Oversimplifying the standing question...
I would be in full agreement with that statement, if in fact it was accurate. However, it's not actually the case for most challenges. I don't want to claim more expertise than I actually have, not being a lawyer, but as I understand it, the standing requirement is "an actual case or controversy". That's not very illuminating, but when it is applied to First Amendment cases, it is generally applied such that you do NOT have to violate a law and wait to be charged before you can challenge the law. Generally, for a First Amendment case, it's sufficient to show that something you want to publish might cause you to be charged if you actually do. Usually you have to have some specific work in mind, for example, but even that isn't necessary if you're talking about, say, a regularly published magazine or newspaper, or some sort of project that you can specifically define but haven't yet invested money in producing (because it would be illegal).
There's something wrong with a system that essentially demands that you break a law before you can challenge its Constitutionality.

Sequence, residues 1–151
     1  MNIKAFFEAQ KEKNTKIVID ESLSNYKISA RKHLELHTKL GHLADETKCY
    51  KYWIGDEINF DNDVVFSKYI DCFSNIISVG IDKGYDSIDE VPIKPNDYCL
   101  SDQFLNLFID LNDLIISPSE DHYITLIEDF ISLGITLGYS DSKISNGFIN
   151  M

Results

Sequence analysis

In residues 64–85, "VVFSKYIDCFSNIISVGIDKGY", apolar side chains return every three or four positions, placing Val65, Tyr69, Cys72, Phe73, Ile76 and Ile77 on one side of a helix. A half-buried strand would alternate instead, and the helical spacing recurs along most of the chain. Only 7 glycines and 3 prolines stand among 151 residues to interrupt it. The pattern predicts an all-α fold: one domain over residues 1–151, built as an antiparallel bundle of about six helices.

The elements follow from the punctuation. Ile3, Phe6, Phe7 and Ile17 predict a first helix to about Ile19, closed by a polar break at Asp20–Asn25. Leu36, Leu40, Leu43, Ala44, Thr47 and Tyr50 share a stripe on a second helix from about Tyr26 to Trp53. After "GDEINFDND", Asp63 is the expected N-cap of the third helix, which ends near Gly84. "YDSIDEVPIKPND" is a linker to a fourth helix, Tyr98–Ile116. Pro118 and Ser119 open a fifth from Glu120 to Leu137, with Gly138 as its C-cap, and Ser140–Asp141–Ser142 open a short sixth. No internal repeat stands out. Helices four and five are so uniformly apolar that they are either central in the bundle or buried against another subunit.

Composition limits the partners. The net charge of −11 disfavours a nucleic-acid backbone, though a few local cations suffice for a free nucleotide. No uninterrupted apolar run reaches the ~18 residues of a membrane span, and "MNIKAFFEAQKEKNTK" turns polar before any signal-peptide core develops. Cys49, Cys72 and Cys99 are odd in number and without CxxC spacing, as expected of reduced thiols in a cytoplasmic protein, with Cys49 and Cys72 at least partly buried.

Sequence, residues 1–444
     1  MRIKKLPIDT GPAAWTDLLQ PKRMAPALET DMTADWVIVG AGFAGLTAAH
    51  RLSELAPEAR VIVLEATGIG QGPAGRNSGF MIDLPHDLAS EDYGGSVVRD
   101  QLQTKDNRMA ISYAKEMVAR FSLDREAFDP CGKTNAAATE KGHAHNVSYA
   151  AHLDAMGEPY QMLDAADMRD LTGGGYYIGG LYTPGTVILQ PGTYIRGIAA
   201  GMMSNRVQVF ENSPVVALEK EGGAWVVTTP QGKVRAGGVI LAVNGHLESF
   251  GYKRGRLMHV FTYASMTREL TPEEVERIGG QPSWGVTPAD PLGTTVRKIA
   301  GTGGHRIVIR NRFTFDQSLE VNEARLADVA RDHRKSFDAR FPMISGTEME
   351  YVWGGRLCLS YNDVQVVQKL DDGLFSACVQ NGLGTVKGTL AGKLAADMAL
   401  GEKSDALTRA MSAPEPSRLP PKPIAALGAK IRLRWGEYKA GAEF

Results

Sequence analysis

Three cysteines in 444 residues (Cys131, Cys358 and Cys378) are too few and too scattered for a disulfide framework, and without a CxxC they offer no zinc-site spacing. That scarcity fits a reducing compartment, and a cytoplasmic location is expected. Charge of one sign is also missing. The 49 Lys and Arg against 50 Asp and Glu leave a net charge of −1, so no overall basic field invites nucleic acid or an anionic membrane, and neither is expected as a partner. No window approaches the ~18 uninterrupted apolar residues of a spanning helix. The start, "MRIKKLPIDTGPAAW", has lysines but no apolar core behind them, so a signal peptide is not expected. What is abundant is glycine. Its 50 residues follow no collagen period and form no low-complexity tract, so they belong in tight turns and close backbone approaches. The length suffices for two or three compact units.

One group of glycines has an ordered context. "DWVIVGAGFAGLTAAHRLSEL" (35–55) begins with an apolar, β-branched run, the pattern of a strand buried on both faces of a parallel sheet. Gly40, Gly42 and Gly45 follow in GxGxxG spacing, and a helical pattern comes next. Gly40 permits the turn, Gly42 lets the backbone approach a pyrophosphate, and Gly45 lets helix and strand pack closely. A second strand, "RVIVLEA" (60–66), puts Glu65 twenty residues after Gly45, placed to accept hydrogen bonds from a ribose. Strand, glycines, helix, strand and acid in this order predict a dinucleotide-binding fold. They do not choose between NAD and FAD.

I'm afraid that standing, as applied to the 2nd Amendment, is another example of "gun bigots" applying different standards as a result of their bigotry.
In the case of the DC Circuit, the courts were bound by the Navegar precedent. That case arose from the assault weapons ban and set a very, very high bar for standing in gun related cases. That bar was set so high, in fact, that a visit by BATFE agents to a firearms manufacturer to individually notify the manufacturer that certain of their products, named specifically in the law, was not deemed a "specific and individualized threat of prosecution"... because the manufacturer in question chose to comply with the law rather than disregard it (and risk a felony conviction if he lost). If that sounds like nonsense to you, well, I can't say I disagree.
The bar is set significantly lower for First Amendment cases. I'm not sure where it is set for other Constitutional rights, but I imagine the extremes of the issue are defined by the First and Second Amendment rights.
Perhaps one of the lawyers familiar with this issue and how standing in firearms cases differs from standing in First Amendment cases could give a good summary?